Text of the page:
"Let us pry." - Joyce. Dream "wide awake this time as we re-enter the tribal night. It is like our contemporary consciousness of the Unconscious.”- McLuhan. It's the human condition in one Finnegainese word "laughtears."


GERRY FIALKA: Artist, writer, and paramedia ecologist lectures world-wide on experimental film, avant-garde art and subversive social media. Fialka has been praised by the Los Angeles Times as "the multi-media Renaissance man." The LA Weekly proclaimed him "a cultural revolutionary." Visit for info on his events, new book Strange Questions: Experimental Film as Conversation and new feature film about Venice: The Brother Side of the Wake.


"I am very impressed by Gerry Fialka's energy in bringing together groups of people to think about ideas. That is very much in the McLuhan spirit to create and foster interdisciplinary, living, educational projects in which people can talk about ideas. He creates forums that bring together a plurality of critical perspectives into one multivalent conversation. " - Janine Marchessault, author of Marshall McLuhan: Cosmic Media and Fluid Screens, Expanded Cinema.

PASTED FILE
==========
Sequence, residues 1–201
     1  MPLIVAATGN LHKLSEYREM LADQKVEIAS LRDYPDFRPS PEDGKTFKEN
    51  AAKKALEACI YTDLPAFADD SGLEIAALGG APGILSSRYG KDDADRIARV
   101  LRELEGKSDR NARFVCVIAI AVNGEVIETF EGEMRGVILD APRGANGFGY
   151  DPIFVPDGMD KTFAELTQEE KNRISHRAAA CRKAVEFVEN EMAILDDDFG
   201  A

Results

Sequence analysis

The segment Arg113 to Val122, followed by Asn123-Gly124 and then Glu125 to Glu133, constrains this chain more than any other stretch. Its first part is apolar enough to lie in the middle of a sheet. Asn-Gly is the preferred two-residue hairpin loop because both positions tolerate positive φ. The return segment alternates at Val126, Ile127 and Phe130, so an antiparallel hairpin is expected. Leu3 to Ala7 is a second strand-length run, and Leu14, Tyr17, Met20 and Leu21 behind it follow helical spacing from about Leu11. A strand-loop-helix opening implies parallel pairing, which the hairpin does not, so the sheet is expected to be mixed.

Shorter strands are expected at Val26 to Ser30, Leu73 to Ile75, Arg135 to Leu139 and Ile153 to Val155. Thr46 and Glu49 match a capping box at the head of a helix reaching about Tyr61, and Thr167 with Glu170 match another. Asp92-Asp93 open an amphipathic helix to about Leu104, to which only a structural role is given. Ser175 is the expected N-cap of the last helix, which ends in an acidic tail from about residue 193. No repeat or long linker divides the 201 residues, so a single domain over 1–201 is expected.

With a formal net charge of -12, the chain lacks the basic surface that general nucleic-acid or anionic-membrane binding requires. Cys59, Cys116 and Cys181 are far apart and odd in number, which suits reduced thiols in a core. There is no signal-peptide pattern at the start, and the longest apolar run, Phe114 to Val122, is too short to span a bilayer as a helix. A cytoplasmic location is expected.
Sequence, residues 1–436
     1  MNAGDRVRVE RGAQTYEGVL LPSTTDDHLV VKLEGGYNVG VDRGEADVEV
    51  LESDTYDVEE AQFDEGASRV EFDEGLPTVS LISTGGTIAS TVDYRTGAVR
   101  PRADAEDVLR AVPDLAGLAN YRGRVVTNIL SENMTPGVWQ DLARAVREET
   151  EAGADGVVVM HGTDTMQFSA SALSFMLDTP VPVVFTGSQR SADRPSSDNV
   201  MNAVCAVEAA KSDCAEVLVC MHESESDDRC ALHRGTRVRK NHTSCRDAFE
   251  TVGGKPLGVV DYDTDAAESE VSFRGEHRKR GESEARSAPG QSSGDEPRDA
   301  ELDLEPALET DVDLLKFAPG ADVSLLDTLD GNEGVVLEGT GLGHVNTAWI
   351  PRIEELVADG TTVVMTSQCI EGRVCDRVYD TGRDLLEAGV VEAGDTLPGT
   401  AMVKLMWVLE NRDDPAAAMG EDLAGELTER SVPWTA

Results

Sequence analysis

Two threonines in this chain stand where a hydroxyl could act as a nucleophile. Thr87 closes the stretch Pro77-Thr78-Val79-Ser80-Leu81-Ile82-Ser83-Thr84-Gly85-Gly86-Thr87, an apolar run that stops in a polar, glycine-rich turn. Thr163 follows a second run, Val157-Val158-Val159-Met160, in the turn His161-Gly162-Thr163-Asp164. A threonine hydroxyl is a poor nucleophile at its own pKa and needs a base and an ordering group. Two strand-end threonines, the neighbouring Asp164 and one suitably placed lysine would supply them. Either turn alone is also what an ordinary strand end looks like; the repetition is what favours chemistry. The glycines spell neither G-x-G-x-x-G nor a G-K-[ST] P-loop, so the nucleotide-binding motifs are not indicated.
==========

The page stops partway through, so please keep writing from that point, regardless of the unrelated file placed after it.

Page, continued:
MARSHALL McLUHAN-FINNEGANS WAKE READING CLUB – Join us first Tuesdays from 6-8pm at Lloyd Taber-Marina Del Rey Library, 4533 Admiralty Way, Marina Del Rey, CA 90292, phone 310-821-3415. Free admission. Gerry Fialka 310-306-7330 -